A recent online report from ADDitude is raising the alarm about a mental health crisis for adults with ADHD.
According to their survey, 82% of adults with ADHD are in the grip of some form of trauma, at a rate much higher than the general population. These are figures gathered from U.S. statistics, Canada is long overdue for more research on this topic.
More than 50% of those surveyed placed the blame on the negative consequences of the global pandemic which in itself caused widespread loss of life, work, and social connections. Readers also indicated their mental health is worse than ever, with 74% reporting feeling overwhelmed and exhausted and more than half experiencing depression.
In the early months of 2020, physical distancing and sheltering in place were part of a strategy to keep people safe, but as time wore on, people with ADHD were especially prone to feelings of irritability, withdrawal, and apathy.
Add in the myriad ways that social media contributes to feelings of insufficiency, misinformation, and shattered attention, and it’s no wonder anxiety and stress are on the rise.
Trauma is an intense and lasting emotional response to an event over which you had no control. It can come in the form of a physical injury such as a car accident, a loss of a job you loved, bullying, or an ongoing situation that causes serious moral injury. In addition, the intense feelings can interrupt concentration and day-to-day functioning. Often physical feelings of pain, headaches, and nausea that come with trauma that can be debilitating.
Many of the symptoms of trauma and ADHD overlap and they include:
· Difficulty concentrating
· Racing thoughts
· Poor memory
· Emotional dysregulation
· Interrupted sleep and insomnia
· Impulsivity and/or restlessness
· Social withdrawal
· Substance abuse
People with ADHD often have dysregulated nervous systems that have evolved as a coping strategy so in addition to treatments that include stimulant and non-stimulant medication, finding ways to connect with your body can be a powerful method to restore some calm and safety.
Here are some measures you can take to support your mental health.
Body based or somatic therapies
Although somatic therapy is often used in treatment for people with PTSD, many people with ADHD benefit from learning how to check in with their bodies, often after years of feeling numbed out or shut down.
Somatic therapy guides you in how to feel safe in your body so that you are more present to your emotions and day to day stressors.
It’s often referred to as a road map, gently supporting you in understanding how emotions feel in your body so that you can be more aware and respond mindfully to triggers rather than feeling overwhelmed, reactive, or shut down. It also helps to distinguish between distressing external stimuli and a distraction.
It can help you build a sense of agency. For many people with ADHD, life can feel chaotic, uncertain and out of control. But tuning in with your bodily sensations can help you feel more in charge of your life.
Seek out community
It can be difficult for folks with ADHD to find a community that feels natural and safe.
One way to find like-minded people is to check out the event listings on Eventbrite or a community group listing on Facebook. With restrictions easing in Canada, many events are now being held in person with safety protocols in place. If you’re not yet comfortable meeting new people in person, there are many active mental health and social activity groups still meeting online.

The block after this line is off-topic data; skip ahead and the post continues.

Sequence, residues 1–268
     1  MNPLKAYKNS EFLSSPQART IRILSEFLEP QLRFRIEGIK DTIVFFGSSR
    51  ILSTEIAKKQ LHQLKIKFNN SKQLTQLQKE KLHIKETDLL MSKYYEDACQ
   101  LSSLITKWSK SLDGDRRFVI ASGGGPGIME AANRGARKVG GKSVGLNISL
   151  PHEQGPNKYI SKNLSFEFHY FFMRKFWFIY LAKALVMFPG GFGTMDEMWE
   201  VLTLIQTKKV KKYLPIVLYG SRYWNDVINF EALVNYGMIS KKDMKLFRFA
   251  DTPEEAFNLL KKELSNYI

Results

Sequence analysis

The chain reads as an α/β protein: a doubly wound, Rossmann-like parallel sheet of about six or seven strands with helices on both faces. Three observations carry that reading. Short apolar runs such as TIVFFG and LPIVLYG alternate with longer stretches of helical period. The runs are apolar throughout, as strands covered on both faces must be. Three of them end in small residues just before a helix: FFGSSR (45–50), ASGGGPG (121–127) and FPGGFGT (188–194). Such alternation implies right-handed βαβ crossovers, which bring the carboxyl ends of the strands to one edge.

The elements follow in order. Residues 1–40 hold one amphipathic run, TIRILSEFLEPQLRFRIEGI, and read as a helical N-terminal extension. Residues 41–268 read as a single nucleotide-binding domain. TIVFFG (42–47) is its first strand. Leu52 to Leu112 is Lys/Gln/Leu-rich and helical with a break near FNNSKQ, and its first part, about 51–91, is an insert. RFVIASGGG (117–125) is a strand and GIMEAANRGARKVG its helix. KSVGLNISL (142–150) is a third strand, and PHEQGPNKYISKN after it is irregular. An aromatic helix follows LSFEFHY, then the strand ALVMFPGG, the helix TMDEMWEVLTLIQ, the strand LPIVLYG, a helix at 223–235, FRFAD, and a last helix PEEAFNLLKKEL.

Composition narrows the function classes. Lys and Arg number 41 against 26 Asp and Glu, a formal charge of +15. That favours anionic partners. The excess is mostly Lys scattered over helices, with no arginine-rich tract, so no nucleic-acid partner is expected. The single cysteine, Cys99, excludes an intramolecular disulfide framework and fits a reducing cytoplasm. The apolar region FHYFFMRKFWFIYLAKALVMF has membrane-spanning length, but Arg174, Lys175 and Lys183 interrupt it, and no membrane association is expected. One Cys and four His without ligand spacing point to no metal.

It doesn’t necessarily need to be a support or mental health group to have real benefits for your confidence and sense of belonging. If you have a hobby you’re passionate about, search for groups in your area. There’s everything from kite enthusiasts to knitting groups, to pottery classes. Trying something new can bring immense rewards and help build your self-esteem.
Find a qualified therapist
Working with a therapist that understands the complexities of ADHD and has a trauma-informed approach can provide strong support and help you identify your strengths and explore and heal areas that are most troublesome.
We offer a list of therapists that specialize in adult ADHD.
It’s no secret that good therapy is expensive in Canada. But there are some ways to reduce the cost, either with a clinic that offers sliding scale options, or through a provincial benefit program that helps offset the cost.
For more information on how to choose a therapist read our post with insights from a practicing therapist.
Reduce online triggers
This is much easier said than done and there have been countless articles written about the negative impacts of too much social media or news consumption.
But for people with ADHD, it can be deeply distressing and cause lasting negative impacts on your mood and well-being.
Many smartphones now offer an option to limit social media to certain hours of the day, you can also turn off the news feeds in your settings and or consider using an app such as Freedom, to block the sites and apps that aren’t serving your overall wellness.
While there is no magic bullet to help you cope with trauma, there are incremental changes you can make that will bring some relief. You are not alone and there is help available.
If you are in crisis, don’t delay and seek help today.
Here is a list of agencies that offer real time support:
Hope for Wellness Help Line for Indigenous Peoples
(Canada-wide, provides culturally appropriate support and referrals)
Call 1-855-242-3310 (toll-free)
Canadian Mental Health Association (CMHA)
Crisis Centre BC
Immediate support for individuals in BC
Robbie McDonald was diagnosed with ADHD in mid-life and writes about mental health from her home in the beautiful Pacific Northwest.